By on February 20, 2019

Until Tuesday, organizers of the 2019 Detroit Autorama were planning on opening the show on March 1st with a car jump by a replica Smokey and the Bandit Trans Am Firebird. A couple of years ago, the Autorama featured a jump of a Dukes of Hazzard “General Lee” Charger replica, to considerable press coverage, including here at TTAC.

This year, the same group of car enthusiasts that put on the General Lee jump, Northeast Ohio Dukes, was going to be back on Atwater Street behind Cobo Hall, only with a black and gold Pontiac, not an orange Dodge. When it comes to famous fictional car jumps, the Bandit’s Mulberry Bridge leap is right up there with the General Lee’s vault in the Dukes’ opening credits, and the Autorama jump was going to be part of a more general tribute at the custom car show to the late Burt Reynolds, a Michigan native, who starred in SATB.

Detroit’s City Council, though, has put a kibosh on the jump, apparently over a nonexistent Confederate battle flag, voting 7-1 to reject the jump. In the 1977 film, the black and gold Trans Am wears a period-correct Georgia license plate on the front of the car. The plate’s Confederate war banner offends current woke sensibilities. (Read More…)

By on June 9, 2015

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Burt Reynolds and his 1977 Pontiac Trans Am in “Smokey and the Bandit”, complete with gold on black screaming chicken and honeycomb wheels, are solidly part of the zeitgeist of the late ’70s.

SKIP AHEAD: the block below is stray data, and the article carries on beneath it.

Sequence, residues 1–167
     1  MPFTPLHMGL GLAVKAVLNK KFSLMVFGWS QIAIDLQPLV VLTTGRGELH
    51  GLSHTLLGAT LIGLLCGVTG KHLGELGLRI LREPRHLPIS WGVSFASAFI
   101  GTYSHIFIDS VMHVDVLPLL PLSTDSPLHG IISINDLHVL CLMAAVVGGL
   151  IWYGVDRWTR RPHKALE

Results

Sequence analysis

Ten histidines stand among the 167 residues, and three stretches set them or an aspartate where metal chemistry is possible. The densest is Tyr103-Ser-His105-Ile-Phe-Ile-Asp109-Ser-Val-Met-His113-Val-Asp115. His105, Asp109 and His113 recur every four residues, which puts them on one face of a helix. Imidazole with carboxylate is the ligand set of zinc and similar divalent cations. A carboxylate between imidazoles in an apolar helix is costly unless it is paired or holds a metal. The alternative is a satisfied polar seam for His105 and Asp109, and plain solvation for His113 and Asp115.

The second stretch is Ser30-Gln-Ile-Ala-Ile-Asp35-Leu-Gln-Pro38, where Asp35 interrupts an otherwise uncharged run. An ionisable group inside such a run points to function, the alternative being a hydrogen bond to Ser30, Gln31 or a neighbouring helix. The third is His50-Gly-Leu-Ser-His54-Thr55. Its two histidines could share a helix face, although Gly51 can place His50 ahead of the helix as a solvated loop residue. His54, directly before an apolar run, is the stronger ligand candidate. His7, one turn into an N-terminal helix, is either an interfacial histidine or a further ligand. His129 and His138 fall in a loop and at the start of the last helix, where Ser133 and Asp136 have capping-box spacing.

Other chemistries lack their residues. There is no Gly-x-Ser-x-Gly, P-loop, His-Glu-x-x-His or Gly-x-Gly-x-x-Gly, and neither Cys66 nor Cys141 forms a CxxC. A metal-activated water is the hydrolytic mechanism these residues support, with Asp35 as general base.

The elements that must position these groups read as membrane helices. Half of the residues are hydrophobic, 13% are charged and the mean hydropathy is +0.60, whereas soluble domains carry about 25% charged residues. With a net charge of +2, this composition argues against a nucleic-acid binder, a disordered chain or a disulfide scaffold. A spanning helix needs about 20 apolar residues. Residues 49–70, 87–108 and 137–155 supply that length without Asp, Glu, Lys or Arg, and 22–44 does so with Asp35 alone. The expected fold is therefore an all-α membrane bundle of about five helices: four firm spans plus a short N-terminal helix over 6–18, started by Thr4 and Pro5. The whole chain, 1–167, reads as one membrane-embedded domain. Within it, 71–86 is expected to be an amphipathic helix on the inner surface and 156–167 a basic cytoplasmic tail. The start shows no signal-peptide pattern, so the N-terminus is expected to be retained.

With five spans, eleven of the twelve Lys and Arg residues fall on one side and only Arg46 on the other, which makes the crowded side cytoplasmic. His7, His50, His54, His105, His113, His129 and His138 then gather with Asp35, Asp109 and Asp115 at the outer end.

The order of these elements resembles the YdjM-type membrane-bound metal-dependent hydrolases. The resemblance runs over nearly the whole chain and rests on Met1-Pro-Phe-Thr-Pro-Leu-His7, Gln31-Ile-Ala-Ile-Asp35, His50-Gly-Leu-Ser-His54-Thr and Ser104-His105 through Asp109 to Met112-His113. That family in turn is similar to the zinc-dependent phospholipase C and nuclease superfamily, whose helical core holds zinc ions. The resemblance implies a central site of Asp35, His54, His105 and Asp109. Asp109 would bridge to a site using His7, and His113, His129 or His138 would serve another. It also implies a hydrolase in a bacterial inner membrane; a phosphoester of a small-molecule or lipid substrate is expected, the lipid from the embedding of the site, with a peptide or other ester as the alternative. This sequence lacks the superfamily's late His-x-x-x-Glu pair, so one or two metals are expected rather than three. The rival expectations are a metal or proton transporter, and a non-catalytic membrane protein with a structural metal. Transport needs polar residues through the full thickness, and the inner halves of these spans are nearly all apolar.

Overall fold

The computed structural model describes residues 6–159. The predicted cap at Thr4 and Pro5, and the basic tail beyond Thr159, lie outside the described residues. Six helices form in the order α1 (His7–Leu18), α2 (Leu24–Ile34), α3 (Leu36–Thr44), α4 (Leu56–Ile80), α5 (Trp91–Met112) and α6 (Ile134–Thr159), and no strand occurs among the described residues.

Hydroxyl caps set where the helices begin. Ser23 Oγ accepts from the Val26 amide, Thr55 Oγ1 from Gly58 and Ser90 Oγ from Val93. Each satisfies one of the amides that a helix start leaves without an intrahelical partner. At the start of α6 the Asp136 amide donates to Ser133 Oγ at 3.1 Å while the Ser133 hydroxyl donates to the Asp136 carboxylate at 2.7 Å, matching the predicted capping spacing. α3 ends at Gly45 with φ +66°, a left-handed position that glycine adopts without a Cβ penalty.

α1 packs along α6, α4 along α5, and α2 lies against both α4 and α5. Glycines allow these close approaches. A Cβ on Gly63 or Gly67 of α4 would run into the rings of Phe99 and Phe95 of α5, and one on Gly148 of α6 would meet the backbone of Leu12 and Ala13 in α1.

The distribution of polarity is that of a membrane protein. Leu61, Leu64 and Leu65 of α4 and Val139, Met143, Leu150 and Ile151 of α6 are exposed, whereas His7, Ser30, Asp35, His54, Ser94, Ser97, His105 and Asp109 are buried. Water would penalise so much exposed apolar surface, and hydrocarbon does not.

But what if they weren’t?

(Read More…)

By on June 8, 2015

QOTD - Instead of Trans Am Bandit Choice - 610px

We had a 1970s movie-car QOTD last week, and that was so much fun we’re doing it again! So, here we go: in the beginning of Smokey and the Bandit, when Big Enos challenges The Bandit to fetch 400 cases of that Colorado Kool-Aid, a wad of cash of unspecified thickness gets handed over for expenses, including a “speedy car.” As we all know, The Bandit headed straight to the nearest Pontiac showroom and bought himself a brand-new 1977 Pontiac Firebird Trans Am. In the film, that car seemed to be the fastest imaginable motor vehicle (thanks to the magic of engine swaps, stunt drivers, and special effects). In reality, however, the ’77 Trans Am was kind of a bloated Malaise Era slug, and The Bandit probably had a lot of better escape-the-smokeys car choices available.

So, in his shoes and with a ’77 Trans Am-sized stack of C-notes, what car would you have bought for that run to Texarkana and back? (Read More…)

By on August 31, 2010

Instead of a “screaming chicken”, the 1979 Firebird Trans Am should have a pterodactyl on the hood. This is truly a living dinosaur, the very last direct descendant of the the original big block/hi-po pony car. Once a thriving species during the golden performance car era, it was all but wiped out by that great natural calamity, the 1974 energy crisis. Challenger, Barracuda, Mustang, Javelin; even its stablemate the Camaro Z28; by 1975 they were all extinct or in deep hibernation. Only the Trans Am hung in there, and then just by a whisker, or a feather, in this case.

But Pontiac’s risky gamble to press on against the odds had a huge payoff: not only did Trans Am sales explode by the end of the decade, but it came to symbolize the whole genre. Rarely has one car so dominated the American public’s awareness: in the second half of the seventies, the Trans Am became the icon of the American performance car, for better or for worse. (Read More…)

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